Agustín de Colina, a Franciscan priest, was stationed in 1687 at the struggling missions of La Junta de los Ríos (the juncture of the Rio Grande and the Río de Conchos), at the site of present Presidio, Texas, and Ojinaga, Chihuahua. There in the fall of that same year, widely traveled Cíbolo and Jumano Indians approached Colina and asked him for a letter that they could take to "the Spaniards who were coming and going among the Tejas" in East Texas. Not privy at this remote location to intelligence that Frenchmen had landed somewhere on the northern Gulf Coast, Colina made light of the request and countered with one of his own: the Indians should bring him a letter from "the other Spaniards."
In September 1688 five Cíbolos who had just returned from a journey to East Texas brought news that a "Moor" lived among a tribe situated near the Tejas. The foreigner was Jean Jarry, a Frenchman who had likely been a member of the Sieur de La Salle's colony at Fort St. Louis. Shortly thereafter, other Cíbolos arrived with details of strangers living among the Tejas Indians who had armor and long muskets. These foreigners were assuredly La Salle's men.
Colina reported this information to Juan Isidro de Pardiñas, the governor at El Parral. Pardiñas felt obliged to investigate the matter, and on November 3 issued an order that led to the formation of an expedition commanded by Gen. Juan Fernández de Retana of Presidio de Conchos. The Fernández expedition, however, was repeatedly delayed by Indian unrest in the La Junta area, and it did not depart for the land of the Tejas until sometime later.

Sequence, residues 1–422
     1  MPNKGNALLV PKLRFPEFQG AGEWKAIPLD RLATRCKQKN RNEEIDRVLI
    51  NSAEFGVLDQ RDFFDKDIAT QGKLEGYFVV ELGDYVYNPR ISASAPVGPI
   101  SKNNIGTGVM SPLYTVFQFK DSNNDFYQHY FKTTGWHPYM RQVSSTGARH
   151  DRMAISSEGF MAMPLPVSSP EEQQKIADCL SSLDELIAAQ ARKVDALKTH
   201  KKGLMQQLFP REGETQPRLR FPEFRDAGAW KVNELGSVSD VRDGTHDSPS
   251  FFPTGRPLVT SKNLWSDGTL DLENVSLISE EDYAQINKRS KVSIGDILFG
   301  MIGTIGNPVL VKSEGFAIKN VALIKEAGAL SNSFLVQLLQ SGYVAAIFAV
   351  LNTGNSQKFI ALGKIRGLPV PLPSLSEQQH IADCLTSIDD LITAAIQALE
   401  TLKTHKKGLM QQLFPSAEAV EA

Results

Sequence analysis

Despite the joint efforts of Colina and a fellow priest (Joaquín de Hinojosa) to missionize the Indians at La Junta de los Ríos, conditions among the enemy nations of the locale forced them under orders from their superiors to abandon the fledgling missions and withdraw to Fernández de Retana's presidio. Both priests gave testimony before the departure of a military entrada that inflicted punishment on some of the offending Indian nations. Subsequently, news of the destruction of La Salle's colony reached Pardiñas at El Parral. He reacted by canceling the Fernández expedition, which had advanced as far as the Pecos River before returning with Chief Juan Sabeata and news of its own that the French settlement had been destroyed. After depositions at El Parral by Sabeata and other Indians, Pardiñas ordered General Fernández to return to his presidio. It is possible, but by no means certain, that Agustín de Colina continued to labor as a missionary in the La Junta region.
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Robert S. Weddle, The French Thorn: Rival Explorers in the Spanish Sea, 1682–1762 (College Station: Texas A&M University Press, 1991). Robert S. Weddle, Wilderness Manhunt: The Spanish Search for La Salle (Austin: University of Texas Press, 1973).
The following, adapted from the Chicago Manual of Style, 15th edition, is the preferred citation for this entry.
Donald E. Chipman,
“Colina, Agustín de,”
Handbook of Texas Online,
accessed August 15, 2022,
Published by the Texas State Historical Association.
Original Publication Date:
December 1, 1994
Most Recent Revision Date:
August 4, 2020
This entry belongs to the following Handbook Special Projects: